Date of budding also influences grafting success. Although many other fruit and nut trees are budded by commercial nurserymen in July and August in the United States, grafting success was greater on 19 Sept. as compared with earlier dates (Warmund and Coggeshall, 2009). When chestnuts were budded too early (16 July or 15 Aug.), rootstock callus overgrew the scion bud, resulting in budding failure. Optimal dates for Chinese chestnut budding are likely site-dependent and may vary with rootstock. For example, the optimal budding date for ‘Empire’ apple on ‘M.9’ rootstock was 16 July in Washington, whereas the optimal budding date for the same scion/rootstock combination was 23 Sept. in Illinois (Warmund and Barritt, 1994).

Growing medium moisture content in container-grown rootstocks also affected whip and tongue grafting success in our study. Medium moisture content near 48% resulted in greater grafting success than when the moisture was above 56%. In contrast, stem moisture contents, ranging from 52.1% to 53.6%, had no apparent effect on grafting success. The reason why stem moisture was similar may be attributed to the relatively large volume of non-functional xylem tissue in rootstocks. These results demonstrate that even when sap flow from cut rootstocks is absent, growing medium moisture content influences graft union formation.

Although grafting techniques were not directly compared in this study, others reported varying results using different budding and grafting methods (Balta et al., 1993; Bazzigher et al., 1984; Huang et al., 1994; Pereira-Lorenzo and Fernanez-Lopez, 1997; Serdar and Soylu, 2005). In our work, 75% grafting success was achieved using the whip and tongue technique when moisture was controlled in early spring. Although grafting containerized Chinese chestnut rootstocks may be more expensive than field grafting, moisture contents can be controlled under plastic outdoors or in a greenhouse. In contrast, success rates of field-grafting chestnut rootstocks in locations that have frequent rainfall may remain low as a result of excessive sap flow from stems.

In conclusion, this study demonstrated that a discontinuous ring of primary phloem fibers was present in 1-year-old Chinese chestnut seedling rootstocks as well as clusters of secondary phloem fibers. When grafting cuts were made through these secondary fibers, they did not prevent successful graft union formation when rootstock and scion cambial tissues were aligned. Misalignment of Chinese chestnut scion tissue with rootstock tissue occurred because of the non-uniform depth of the cambium at various positions around the stem, which was visible as a five-lobed ring of tissue in stem cross-sections. Controlled rootstock growing media moisture content was an additional important factor contributing to grafting success of intraspecific grafts of Chinese chestnut.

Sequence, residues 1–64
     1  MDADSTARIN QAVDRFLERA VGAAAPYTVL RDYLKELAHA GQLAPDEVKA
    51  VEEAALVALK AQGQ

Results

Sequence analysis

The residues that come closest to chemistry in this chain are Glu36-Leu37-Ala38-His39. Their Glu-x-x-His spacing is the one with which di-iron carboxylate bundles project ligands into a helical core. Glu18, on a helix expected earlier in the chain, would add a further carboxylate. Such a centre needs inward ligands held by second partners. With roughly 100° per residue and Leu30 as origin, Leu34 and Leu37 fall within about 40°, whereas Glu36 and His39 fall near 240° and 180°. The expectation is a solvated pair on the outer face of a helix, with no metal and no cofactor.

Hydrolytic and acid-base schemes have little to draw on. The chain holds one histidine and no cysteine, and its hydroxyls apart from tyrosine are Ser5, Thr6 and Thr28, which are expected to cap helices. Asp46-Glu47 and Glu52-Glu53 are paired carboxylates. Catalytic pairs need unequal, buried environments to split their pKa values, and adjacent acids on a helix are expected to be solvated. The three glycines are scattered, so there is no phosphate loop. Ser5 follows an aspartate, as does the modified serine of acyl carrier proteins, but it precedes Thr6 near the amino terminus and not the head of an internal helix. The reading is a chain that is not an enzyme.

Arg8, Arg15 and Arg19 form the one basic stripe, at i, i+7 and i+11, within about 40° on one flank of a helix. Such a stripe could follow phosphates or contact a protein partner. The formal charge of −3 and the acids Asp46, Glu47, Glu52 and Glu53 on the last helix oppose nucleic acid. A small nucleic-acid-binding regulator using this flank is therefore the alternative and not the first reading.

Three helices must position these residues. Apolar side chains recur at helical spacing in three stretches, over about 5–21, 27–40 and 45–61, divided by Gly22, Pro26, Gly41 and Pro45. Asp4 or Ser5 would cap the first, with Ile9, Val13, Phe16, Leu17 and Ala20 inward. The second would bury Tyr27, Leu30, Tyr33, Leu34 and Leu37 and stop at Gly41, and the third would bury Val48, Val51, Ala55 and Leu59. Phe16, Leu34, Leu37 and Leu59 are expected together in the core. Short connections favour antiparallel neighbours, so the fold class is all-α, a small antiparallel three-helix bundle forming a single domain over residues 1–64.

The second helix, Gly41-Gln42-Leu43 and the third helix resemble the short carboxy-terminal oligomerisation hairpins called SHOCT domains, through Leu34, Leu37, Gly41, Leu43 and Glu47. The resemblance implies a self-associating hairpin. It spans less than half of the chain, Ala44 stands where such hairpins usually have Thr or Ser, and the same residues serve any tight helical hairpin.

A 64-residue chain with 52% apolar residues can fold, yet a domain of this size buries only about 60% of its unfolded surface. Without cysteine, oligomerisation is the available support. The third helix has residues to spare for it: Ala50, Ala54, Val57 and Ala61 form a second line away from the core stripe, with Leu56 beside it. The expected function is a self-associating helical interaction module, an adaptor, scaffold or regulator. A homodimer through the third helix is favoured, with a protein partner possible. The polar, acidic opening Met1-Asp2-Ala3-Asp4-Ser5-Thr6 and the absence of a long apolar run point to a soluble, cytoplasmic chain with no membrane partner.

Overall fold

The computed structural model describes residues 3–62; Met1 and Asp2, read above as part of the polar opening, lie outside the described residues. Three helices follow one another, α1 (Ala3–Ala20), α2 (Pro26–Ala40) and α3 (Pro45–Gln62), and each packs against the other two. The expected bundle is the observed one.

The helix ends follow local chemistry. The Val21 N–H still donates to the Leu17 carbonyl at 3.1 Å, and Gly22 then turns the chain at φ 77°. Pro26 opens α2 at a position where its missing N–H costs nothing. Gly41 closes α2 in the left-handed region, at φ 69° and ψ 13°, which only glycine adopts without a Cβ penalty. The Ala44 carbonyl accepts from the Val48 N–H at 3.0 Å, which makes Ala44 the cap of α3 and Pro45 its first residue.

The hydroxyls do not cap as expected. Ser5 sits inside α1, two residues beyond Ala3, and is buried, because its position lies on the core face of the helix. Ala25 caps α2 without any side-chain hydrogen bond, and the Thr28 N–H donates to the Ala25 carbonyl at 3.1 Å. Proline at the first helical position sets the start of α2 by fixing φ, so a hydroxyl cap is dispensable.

Literature Cited

  • BaltaF.KaradenizT.TekintasF.E.SenS.M.1993Investigations on anatomical and histological development of the graft formation in chestnut (Castanea sativa L.)Proc. Intl. Congr. on Chestnut4231234

    • Search Google Scholar
    • Export Citation
  • BazzigherG.LawrenzK.P.RitterF.1984Propagating and growing chestnutsNorthern Nut Growers Assoc. Annu. Rpt.75119137

  • CoggeshallM.V.BeinekeW.F.1997Black walnut vegetative propagation: The challenge continues. USDA Forest Service Gen. Tech. Rpt. NC-191. p. 70–77

  • HartmannH.T.KesterD.E.DaviesF.T.JrGeneveR.L.2011Hartmann and Kester’s plant propagation: Principles and practices. 8th Ed. Prentice Hall Boston MA

  • HuangJ.NortonJ.D.BoyhanG.E.AbrahamsB.R.1994Graft compatibility among chestnut (Castanea) speciesJ. Amer. Soc. Hort. Sci.11911271132

  • HuntK.GoldM.ReidW.WarmundM.2009Growing Chinese chestnuts in Missouri. Publ. AF-1003. Univ. of Missouri Center for Agroforestry Columbia MO

  • LevineC.2000Twig and leaf phyllotaxy. Conn. Bot. Soc. Newsletter. Vol. 28. Feb. 2012. <http://www.ct-botanical-society.org/newsletter/phyllotaxy.html>

  • MacDanielsL.H.1955Stock–scion incompatibility in nut treesNorthern Nut Growers Annu. Rpt.469297

  • McKayJ.W.JaynesR.A.1969Chestnuts p. 264–286. In: Jaynes R.A. (ed.). Handbook of North American nut trees. W.F. Humphrey Press Geneva NY

  • Pereira-Lorenzo and J. Fernanez-Lopez1997Propagation chestnut cultivars by grafting: Methods, rootstocks and plant qualityJ. Hort. Sci.72731739

    • Search Google Scholar
    • Export Citation
  • ReidW.2010Propagating pecan and black walnut in Missouri. Publ. AF1003. Univ. of Missouri Center for Agroforestry Columbia MO

  • RuzinS.E.1999Plant microtechnique and microscopy. Oxford Univ. Press New York NY

  • SassJ.E.1958Botanical microtechnique. 3rd Ed. Iowa State Univ. Press Ames IA

  • SerdarU.SoyluA.2005The effect of grafting time and methods on chestnut nursery tree productionActa Hort.693187194

  • WarmundM.R.2011Chinese chestnut (Castanea mollissima) as a niche crop in the central region of the United StatesHortScience46345347

  • WarmundM.R.BarrittB.H.1994Survival and growth of ‘Empire’ apple chip budded onto Mark or M.9 rootstockFruit Var. J.48245250

  • WarmundM.R.CoggeshallM.V.2009Chip budding of ‘AU-Super’ Chinese chestnut scions on AU-Cropper and Qing seedling rootstocksActa Hort.844115118

    • Search Google Scholar
    • Export Citation